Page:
Nonfiction > Harvard Classics > Benvenuto Cellini > Autobiography
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Benvenuto Cellini (1500–1571).  Autobiography.
The Harvard Classics.  1909–14.
 
XXIV
 
 
FAR back in my autobiography I ought to have recorded the friendship which I won with the most cultivated, the most affectionate, and the most companionable man of worth I ever knew in this world. He was Messer Guido Guidi, an able physician and doctor of medicine, and a nobleman of Florence. 1 The infinite troubles brought upon me by my evil fortune caused me to omit the mention of him at an earlier date; and though my remembrance may be but a trifle, I deemed it sufficient to keep him always in my heart. Yet, finding that the drama of my life requires his presence, I shall introduce him here at the moment of my greatest trials, in order that, as he was then my comfort and support, I may now recall to memory the good he did me. 2  1
  Well, then, Messer Guido came to Paris; and not long after making his acquaintance, I took him to my castle, and there assigned him his own suite of apartments. We enjoyed our lives together in that place for several years. The Bishop of Pavia, that is to say, Monsignore de’ Rossi, brother of the Count of San Secondo, also arrived. 3 This gentleman I removed from his hotel, and took him to my castle, assigning him in like manner his own suite of apartments, where he sojourned many months with serving-men and horses. On another occasion I lodged Messer Luigi Alamanni and his sons for some months. It was indeed God’s grace to me that I should thus, in my poor station, be able to render services to men of great position and acquirements.  2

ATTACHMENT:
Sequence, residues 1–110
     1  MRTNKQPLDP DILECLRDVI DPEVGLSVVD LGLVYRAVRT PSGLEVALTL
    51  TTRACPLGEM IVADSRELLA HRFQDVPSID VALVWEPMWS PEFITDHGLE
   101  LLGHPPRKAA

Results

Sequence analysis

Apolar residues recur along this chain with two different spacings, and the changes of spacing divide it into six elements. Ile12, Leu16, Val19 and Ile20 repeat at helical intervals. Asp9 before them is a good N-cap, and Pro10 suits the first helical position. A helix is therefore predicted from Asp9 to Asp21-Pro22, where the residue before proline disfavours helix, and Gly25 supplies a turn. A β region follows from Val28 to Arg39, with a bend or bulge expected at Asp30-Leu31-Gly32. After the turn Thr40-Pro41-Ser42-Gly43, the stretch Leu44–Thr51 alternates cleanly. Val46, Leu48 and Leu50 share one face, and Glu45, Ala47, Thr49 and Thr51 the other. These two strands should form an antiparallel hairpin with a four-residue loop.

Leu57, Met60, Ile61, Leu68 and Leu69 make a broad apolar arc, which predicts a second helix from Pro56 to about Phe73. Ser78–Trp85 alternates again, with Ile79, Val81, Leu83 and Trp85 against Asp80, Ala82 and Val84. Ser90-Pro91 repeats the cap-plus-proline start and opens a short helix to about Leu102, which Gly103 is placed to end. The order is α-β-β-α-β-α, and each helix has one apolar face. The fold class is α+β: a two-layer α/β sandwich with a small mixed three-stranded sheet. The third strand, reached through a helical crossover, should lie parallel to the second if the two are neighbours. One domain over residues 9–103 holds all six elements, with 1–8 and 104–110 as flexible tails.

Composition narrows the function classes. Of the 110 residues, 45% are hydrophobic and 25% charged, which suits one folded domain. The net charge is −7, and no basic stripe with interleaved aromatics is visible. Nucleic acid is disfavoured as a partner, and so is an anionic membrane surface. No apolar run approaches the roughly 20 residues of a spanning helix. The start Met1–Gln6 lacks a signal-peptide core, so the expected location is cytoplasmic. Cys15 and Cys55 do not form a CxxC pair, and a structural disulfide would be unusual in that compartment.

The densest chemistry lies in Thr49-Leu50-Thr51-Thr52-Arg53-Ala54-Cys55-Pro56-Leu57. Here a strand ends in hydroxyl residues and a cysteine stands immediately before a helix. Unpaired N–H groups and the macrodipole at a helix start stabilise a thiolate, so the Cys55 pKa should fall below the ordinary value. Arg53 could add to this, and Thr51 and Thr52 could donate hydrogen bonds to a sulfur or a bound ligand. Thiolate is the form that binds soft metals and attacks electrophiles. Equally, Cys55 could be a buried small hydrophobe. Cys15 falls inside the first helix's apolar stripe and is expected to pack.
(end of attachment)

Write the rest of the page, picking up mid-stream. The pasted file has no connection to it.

But to return to Messer Guido. We enjoyed our mutual friendship during all the years I stayed in Paris, and often did we exult together on being able to advance in art and knowledge at the cost of that so great and admirable prince, our patron, each in his own branch of industry. I can indeed, and with good conscience, affirm that all I am, whatever of good and beautiful I have produced, all this must be ascribed to that extraordinary monarch. So, then, I will resume the thread of my discourse concerning him and the great things I wrought for him.  3
 
Note 1. Son of Giuliano Guidi and Costanza, a daughter of Domenico Ghirlandajo. François I sent for him some time before 1542, appointed him his own physician, and professor of medicine in the Royal College. He returned to Florence in 1548. [back]
Note 2. Qui mi faccia memoria di quel bene. This is obscure. Quel bene may mean the happiness of his friendship. [back]
Note 3.   We have already met with him in the Castle of S. Angelo. His brother, the Count, was general in the French army. This brought the Bishop to Paris, whence he returned to Italy in 1545. [back]
 

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